Not about politics but interesting from Catt.Co. folks !!
GREAT VALLEY - A constant for Pumpkinville, now in its 45th year this fall, is that it has continued to evolve and grow as a seasonal attraction.
That evolution took a large step forward for this fall when the owners took possession of a refurbished 1870s-era cider mill, which is now a main feature at Pumpkinville.
The mill was purchased from Fred and Shirley Nagel of East Randolph and moved to Pumpkinville, where it's located in a new building.
"People can enjoy the unique experience of seeing how apple cider was made back in the late 1800s," said Dan Pawlowski, who along with his wife, Diane, took transfer of Pumpkinville 11 years ago from founders Joe and Helen Halloran.
"We keep trying to add something every year and continue to grow the place, to outdo ourselves from the previous year," Mr. Pawlowski said.
This weekend marks Pumpkinville's Apple Cider Festival and celebrates the new cider mill. It's not too late to enter an apple pie in Pumpkinville's apple pie baking contest. Entries will be taken up to 11:45 a.m. Sunday. The entries are being judged by Casey Hill of WPIG-FM radio station. Winners will receive a prize.
The festival will also feature apple pressing and special treats including apple fudge, apple cider floats, and caramel and candy apples.
With an estimated 80,000 people expected to pass through Pumpkinville this fall, "It is the largest regional tourist destination of Western New York's autumn season," Mr. Pawlowski said.
Many children head straight for the 200-acre farm's 10-acre pumpkin patch to select their own pumpkin. Others pick through piles of orange pumpkins that have been stacked around the grounds.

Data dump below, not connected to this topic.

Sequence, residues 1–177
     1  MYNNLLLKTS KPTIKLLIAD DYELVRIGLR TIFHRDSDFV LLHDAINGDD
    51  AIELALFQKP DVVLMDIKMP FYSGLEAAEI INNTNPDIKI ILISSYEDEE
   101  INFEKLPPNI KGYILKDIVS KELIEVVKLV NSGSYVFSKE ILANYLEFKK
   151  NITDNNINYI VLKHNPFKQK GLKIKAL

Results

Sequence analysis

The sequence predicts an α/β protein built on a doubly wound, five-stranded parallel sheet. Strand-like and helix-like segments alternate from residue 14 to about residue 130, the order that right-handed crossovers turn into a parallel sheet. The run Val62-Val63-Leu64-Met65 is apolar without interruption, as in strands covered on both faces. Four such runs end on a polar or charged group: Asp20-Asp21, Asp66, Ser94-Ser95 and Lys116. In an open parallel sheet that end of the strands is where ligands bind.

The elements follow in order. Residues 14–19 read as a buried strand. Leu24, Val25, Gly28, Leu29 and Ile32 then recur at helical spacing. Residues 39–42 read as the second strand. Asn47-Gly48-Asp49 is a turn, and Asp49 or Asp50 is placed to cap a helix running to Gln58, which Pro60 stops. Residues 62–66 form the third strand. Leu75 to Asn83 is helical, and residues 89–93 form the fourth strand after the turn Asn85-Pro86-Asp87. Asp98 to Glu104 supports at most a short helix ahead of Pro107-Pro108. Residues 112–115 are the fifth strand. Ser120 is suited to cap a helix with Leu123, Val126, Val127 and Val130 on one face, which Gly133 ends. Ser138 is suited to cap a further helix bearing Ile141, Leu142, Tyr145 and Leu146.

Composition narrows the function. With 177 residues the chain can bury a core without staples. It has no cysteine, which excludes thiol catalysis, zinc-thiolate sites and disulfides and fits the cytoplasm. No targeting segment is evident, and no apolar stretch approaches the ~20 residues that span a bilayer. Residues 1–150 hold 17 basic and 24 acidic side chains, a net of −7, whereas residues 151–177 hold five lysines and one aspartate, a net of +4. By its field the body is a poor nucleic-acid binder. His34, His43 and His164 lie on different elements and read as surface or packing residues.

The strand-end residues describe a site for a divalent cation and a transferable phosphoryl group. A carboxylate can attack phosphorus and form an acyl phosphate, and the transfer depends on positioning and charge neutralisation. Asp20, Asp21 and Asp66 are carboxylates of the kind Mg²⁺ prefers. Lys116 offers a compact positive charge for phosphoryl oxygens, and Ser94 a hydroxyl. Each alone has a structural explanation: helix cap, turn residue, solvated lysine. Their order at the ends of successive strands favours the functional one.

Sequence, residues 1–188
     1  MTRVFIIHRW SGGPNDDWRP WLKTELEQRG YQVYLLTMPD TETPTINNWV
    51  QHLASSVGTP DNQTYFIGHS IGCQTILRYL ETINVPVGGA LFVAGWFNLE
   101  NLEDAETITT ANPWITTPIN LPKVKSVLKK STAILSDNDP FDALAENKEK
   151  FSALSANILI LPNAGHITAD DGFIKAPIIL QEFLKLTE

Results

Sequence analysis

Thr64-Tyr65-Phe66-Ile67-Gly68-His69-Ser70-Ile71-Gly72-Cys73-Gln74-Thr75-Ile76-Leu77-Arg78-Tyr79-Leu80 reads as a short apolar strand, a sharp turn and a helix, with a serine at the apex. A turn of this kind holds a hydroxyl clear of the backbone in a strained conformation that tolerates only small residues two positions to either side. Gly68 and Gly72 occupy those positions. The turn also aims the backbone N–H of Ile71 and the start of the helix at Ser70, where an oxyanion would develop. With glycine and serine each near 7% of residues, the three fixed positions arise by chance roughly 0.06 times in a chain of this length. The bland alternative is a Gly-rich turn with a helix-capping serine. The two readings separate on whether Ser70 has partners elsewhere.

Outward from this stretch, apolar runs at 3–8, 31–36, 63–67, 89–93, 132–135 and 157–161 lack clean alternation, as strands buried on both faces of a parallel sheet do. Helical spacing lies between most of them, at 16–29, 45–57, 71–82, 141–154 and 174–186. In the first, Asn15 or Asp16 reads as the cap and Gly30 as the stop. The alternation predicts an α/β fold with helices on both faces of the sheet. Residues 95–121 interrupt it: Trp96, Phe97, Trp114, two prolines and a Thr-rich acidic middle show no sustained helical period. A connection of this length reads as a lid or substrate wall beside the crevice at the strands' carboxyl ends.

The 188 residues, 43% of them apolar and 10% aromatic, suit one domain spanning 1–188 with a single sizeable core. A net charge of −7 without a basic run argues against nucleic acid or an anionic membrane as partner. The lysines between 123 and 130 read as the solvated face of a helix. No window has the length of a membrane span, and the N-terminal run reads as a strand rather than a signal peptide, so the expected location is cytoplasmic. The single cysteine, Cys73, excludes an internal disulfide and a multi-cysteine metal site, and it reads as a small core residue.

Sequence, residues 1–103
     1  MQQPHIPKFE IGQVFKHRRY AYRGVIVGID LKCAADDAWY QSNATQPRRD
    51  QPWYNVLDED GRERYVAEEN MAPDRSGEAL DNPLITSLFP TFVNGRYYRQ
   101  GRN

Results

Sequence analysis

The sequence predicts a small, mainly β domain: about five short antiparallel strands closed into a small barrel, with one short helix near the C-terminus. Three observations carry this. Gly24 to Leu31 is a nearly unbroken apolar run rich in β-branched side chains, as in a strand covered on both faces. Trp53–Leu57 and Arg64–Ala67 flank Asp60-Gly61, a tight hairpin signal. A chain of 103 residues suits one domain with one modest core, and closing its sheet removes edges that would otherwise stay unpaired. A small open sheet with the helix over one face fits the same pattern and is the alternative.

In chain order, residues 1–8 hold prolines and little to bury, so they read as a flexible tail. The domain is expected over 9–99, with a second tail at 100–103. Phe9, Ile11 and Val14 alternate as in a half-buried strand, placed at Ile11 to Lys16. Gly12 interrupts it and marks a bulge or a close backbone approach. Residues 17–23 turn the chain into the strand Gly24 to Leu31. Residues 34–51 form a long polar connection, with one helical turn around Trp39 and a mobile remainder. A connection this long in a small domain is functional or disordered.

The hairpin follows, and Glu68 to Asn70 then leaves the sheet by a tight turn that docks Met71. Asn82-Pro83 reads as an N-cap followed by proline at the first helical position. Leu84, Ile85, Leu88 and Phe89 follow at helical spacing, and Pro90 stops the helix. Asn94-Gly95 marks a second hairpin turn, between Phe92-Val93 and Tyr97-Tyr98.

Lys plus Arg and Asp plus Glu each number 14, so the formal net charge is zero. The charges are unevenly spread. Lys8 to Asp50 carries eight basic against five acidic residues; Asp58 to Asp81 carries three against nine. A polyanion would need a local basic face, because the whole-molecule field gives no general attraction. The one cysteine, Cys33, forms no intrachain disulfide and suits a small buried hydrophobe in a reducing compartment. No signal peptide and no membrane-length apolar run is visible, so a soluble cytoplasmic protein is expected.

Also featured is a six-acre corn maze. "It's one of the largest in America and provides hidden messages with chances to win prizes," Mr. Pawlowski said.
Other features include a corn cannon, Goat Mountain, where visitors feed goats as they climb the mountain, pony rides, hay rides and a new cow train. There is also Storyland, which recounts classic and new fairy tales for children to enjoy.
The smell of charbroiled food is never far away. The Pumpkinville Grille features chicken barbecue and other foods, Top off the meal with a dessert from the Pumpkinville Pastry Shoppe. They make pumpkin doughnuts while you wait.
Mr. Pawlowski is looking forward again this year to Pumpkinville's official Giant Pumpkin Weigh-Off on Oct. 13.
There were 32 giant pumpkins entered last year, and more are expected this year to compete for $4,000 in prizes, including $1,250 to the grower of the largest giant pumpkin, he said. "Anyone can enter," he said. Stop by or call Pumpkinville at 699-2205 for more information.
Pumpkinville's new Web site at www.pumpkinville.com is full of information, answers to frequent questions and photos.
"It's been great so far this year," Mr. Pawlowski said. "The weather's been great and we've got plenty of pumpkins." The next four weekends will be "rocking and rolling," he said. "The final weekend before Halloween will be like buying a Christmas tree on Christmas Eve."
Billing itself as New York state's premier pumpkin farm, Pumpkinville began in the early 1960s as a small family operation on Route 98 in Sugartown, just north of the hamlet of Great Valley.
The Pawlowskis moved the attraction to 4844 Sugartown Road (off Route 98) in the town of Great Valley.